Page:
1. Base of a square bottle, green-blue glass. Maker's mark in the form of two concentric circles. Visible pontil mark. Inv. no. A-49570 Site: unknown Dimensions: width of base 5.9 x 5.9 cm Date: late 1st to 3rd century

 

2. Fragment of the base of a square bottle, greenish glass. A circle in relief frames a rhombus with a dot at the centre and four dots around it. Petal preserved in the corner. Inv. no.  A-49571 Site: Pula, Ribarska koliba Dimensions: width of base 7.3 x 7.0 cm Date: late 1st to 3rd century

 

3. Base of a square bottle, pale greenish glass. Central square with drawn-out edges surrounded on four sides by three concentric semi-circles. Visible pontil mark. Inv. no.  A-49572 Site: unknown Dimensions: width of base 8.3 x 8.1 cm Date: late 1st to 3rd century

 

 

4. Base and part of the walls of a square bottle, greenish glass. Maker's mark in the form of four petals linked by a central point, framed by a circle in relief. Inv. no.  A-49573 Site: unknown Dimensions: width of base 5.8 x 5.8 cm; height 3.5 cm Date: late 1st to 3rd century

 

 

5. Base and part of the walls of a square bottle, greenish glass. Maker's mark in the form of four petals with a dot at the centre, framed by a circle in relief. Inv. no.  A-49574 Site: unknown Dimensions: width of base 6.6 x 6.5 cm; height 6.0 cm Date: late 1st to 3rd century

 

6. Fragment of the base and walls of a square bottle, pale greenish glass. Two rhombi, each with a circle in relief at the centre. A quatrefoil rosette in one of the circles. Two arrows between the rhombi, one above the other. Inv. no. A-49575 Site: Pula, Ribarska koliba Dimensions: width of base 7.6 x 7.5 cm; height 4.5 cm Date: late 1st to 3rd century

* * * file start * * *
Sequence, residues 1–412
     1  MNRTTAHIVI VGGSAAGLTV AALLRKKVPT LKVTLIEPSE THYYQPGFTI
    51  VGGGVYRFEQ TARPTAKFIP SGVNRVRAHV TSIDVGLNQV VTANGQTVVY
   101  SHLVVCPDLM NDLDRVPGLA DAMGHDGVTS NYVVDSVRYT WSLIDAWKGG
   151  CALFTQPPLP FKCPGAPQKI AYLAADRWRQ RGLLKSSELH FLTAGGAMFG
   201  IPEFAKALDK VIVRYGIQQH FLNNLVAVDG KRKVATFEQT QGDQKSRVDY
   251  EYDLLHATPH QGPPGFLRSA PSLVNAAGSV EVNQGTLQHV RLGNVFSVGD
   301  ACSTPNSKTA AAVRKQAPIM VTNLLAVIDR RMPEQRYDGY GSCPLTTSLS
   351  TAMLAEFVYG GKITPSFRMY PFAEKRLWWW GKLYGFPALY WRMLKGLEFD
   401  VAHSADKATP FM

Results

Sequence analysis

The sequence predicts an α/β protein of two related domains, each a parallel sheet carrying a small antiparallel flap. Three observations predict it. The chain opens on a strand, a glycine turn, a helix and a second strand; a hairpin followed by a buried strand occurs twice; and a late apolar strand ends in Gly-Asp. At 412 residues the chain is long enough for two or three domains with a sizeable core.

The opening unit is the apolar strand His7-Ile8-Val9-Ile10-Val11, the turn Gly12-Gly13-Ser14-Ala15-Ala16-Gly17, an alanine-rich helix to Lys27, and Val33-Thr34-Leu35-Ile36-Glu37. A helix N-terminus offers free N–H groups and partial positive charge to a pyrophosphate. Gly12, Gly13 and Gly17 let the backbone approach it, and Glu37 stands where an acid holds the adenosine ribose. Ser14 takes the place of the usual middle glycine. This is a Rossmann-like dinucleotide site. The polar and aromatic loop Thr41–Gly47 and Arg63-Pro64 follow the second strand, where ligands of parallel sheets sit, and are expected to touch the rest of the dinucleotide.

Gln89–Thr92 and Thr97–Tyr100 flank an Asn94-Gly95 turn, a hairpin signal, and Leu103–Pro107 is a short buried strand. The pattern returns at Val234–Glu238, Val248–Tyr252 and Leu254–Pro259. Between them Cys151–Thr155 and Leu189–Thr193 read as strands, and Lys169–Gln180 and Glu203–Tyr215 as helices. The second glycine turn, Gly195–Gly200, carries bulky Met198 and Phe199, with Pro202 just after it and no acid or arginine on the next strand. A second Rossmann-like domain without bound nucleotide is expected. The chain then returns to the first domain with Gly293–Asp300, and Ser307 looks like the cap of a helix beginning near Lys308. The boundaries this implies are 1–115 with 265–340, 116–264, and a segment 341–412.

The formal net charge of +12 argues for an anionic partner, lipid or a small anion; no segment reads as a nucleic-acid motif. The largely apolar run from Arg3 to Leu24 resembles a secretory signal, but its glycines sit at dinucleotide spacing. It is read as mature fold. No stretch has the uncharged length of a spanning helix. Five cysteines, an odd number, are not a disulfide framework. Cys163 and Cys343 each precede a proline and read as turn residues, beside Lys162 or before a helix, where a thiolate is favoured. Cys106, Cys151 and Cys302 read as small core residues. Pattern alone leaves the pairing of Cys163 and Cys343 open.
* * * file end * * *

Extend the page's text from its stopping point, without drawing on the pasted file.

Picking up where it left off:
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MARKS ON THE BASES OF SQUARE GLASS VESSELS A Practice That Has Come Down from Antiquity

 Exhibition 

Carrarina ul. 4, Pula

 Window to the Past 

30.5. – 30.7. 2018.

Exhibition and text author: Aska Šopar

Organizer and publisher: Archaeological Museum of Istria

 For the organizer and publisher: Darko Komšo

Editorial Board: Darko Komšo, Adriana Gri Štorga, Katarina Zenzerović

Set up & graphic design: Vjeran Juhas

Photographer: Tanja Draškić Savić

 Drawings: Ivo Juričić

Exhibition coordinator: Monika Petrović

 Translation in Italian: Elis Barbalich-Geromella

 English translation: Neven Ferenčić

 Proofs: Adriana Gri Štorga, Milena Špigić, Katarina Zenzerović

Print: MPS Pula

 No. of copies: 700

Pula, 2018.

© Arheološki muzej Istre 2010. Proizvodnja Ulisys d.o.o. Bazirano na Typo3 CMS sustavu.